As the curry house has established itself as a British institution, it has thrived more around Shish Mahal. In 1979, when Mr. Aslam renovated the place, he reopened it with a clever trick: all original 1964 prices, for a limited time. This resulted in long, frantic lines down the block. In photographs taken at this time, Mr. Aslam was handsome and cheerful, in a tuxedo and tie, with the thick, bouncy hair of a movie star.
There were a few hundred curry houses in Britain when Mr. Aslam opened his restaurant. By the time Mr. Cook gave his speech, there were thousands. Mr. Aslam, though not named in the speech, has become an essential part of the story of Britain itself.
Although two of his sons took over the Sheesh Mahal property in 1994, Mr. Aslam never officially retired, continuing to drive his white Jaguar to work and wear the cool suits he designed on Savile Row. Known for his uncompromising work ethic, he considered himself the proud Glasgow work ethic, who is entirely Scottish.
The dish, which had grown much larger than the man’s, was as likely to be a symbol of British comfort food as its non-authenticity. Although recent surveys have identified other types of curry, such as Chicken jalfreziAs the most popular in Britain, chicken tikka masala is widespread. It’s found on planes and as a pizza topping, in fast food chains and pre-made in grocery stores around the world.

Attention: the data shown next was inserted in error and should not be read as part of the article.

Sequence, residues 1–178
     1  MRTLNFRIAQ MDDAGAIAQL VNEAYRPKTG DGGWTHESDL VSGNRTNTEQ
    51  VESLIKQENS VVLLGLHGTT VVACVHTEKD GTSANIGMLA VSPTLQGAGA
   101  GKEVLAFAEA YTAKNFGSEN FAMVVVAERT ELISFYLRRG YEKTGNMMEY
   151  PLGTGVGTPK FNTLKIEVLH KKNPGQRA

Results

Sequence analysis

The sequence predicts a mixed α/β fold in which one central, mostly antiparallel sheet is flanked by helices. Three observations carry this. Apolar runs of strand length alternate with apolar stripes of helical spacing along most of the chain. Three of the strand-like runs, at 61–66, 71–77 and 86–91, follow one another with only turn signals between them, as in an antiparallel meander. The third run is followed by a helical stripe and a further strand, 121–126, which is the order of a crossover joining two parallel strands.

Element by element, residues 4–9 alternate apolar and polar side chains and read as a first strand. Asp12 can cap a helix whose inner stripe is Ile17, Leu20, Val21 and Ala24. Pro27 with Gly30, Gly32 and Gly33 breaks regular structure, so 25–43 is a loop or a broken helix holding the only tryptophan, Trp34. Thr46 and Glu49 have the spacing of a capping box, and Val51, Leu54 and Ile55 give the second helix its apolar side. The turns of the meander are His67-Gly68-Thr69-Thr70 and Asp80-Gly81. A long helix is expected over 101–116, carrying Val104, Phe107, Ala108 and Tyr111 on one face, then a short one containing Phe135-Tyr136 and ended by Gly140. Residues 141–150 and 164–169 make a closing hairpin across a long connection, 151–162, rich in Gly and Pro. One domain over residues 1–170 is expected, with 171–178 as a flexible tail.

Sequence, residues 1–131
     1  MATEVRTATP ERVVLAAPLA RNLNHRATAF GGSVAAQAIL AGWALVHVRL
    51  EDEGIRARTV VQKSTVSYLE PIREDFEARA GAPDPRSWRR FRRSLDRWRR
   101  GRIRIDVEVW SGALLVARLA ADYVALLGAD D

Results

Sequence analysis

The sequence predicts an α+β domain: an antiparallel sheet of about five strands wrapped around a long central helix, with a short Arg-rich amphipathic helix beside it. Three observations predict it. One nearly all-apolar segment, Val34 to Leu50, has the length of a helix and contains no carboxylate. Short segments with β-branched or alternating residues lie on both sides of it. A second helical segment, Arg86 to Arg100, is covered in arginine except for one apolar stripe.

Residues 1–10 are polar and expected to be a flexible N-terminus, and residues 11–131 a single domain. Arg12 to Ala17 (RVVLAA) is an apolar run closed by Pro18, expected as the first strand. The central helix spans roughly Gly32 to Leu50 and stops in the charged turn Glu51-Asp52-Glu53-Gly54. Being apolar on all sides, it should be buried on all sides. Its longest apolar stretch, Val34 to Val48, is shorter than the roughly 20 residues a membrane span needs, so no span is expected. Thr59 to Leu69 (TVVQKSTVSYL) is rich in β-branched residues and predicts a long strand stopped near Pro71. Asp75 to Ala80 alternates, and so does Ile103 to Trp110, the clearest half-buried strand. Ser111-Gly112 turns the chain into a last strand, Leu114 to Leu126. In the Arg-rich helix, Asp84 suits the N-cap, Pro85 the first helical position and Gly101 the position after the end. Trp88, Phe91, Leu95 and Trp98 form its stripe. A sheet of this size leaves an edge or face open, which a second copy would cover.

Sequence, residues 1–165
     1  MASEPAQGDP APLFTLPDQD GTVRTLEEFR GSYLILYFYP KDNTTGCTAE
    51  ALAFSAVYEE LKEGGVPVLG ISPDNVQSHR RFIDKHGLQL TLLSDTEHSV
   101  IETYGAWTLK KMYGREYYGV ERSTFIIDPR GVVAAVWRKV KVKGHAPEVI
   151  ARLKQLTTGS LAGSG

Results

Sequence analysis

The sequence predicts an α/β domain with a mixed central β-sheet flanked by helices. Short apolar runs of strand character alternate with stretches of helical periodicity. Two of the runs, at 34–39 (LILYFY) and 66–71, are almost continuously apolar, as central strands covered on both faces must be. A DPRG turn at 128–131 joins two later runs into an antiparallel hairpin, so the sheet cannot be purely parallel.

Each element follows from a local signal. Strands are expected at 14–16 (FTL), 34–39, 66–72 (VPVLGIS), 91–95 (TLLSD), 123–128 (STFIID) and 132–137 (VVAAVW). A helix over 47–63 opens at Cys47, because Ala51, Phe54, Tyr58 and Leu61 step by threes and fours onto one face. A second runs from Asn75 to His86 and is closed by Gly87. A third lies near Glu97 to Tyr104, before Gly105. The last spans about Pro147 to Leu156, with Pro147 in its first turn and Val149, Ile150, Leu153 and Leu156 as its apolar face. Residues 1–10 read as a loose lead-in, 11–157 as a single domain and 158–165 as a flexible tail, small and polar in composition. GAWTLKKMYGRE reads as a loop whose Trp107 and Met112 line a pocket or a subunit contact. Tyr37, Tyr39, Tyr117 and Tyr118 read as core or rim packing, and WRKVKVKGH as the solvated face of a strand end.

Sheesh Mahal was closed for 48 hours in honor of Mr. Aslam and he posted the news of his death on his Facebook page. The multi-generational fan base of Glaswegians joined in remembering the restaurant.
“Enjoyed my first proper curry at Shish Mahal on Gibson Street,” wrote one fan, Wendy Russell. “Cheeky Chicken Madras.”
Funeral prayers were held by Mr Aslam’s family on Tuesday at Glasgow Central Mosque which was open to the public. His son Asif Ali said about 500 people, young and old, attended.
The restaurant has become part of the city’s fabric. Over the years, Mr. Aslam has welcomed generations of miserable teens, who waited in the cold after pubs closed, as well as new parents who handed chunks of warm naan to their children. Families have become regular. What many seemed to remember was not the famous dish, but the man who made them feel at home.
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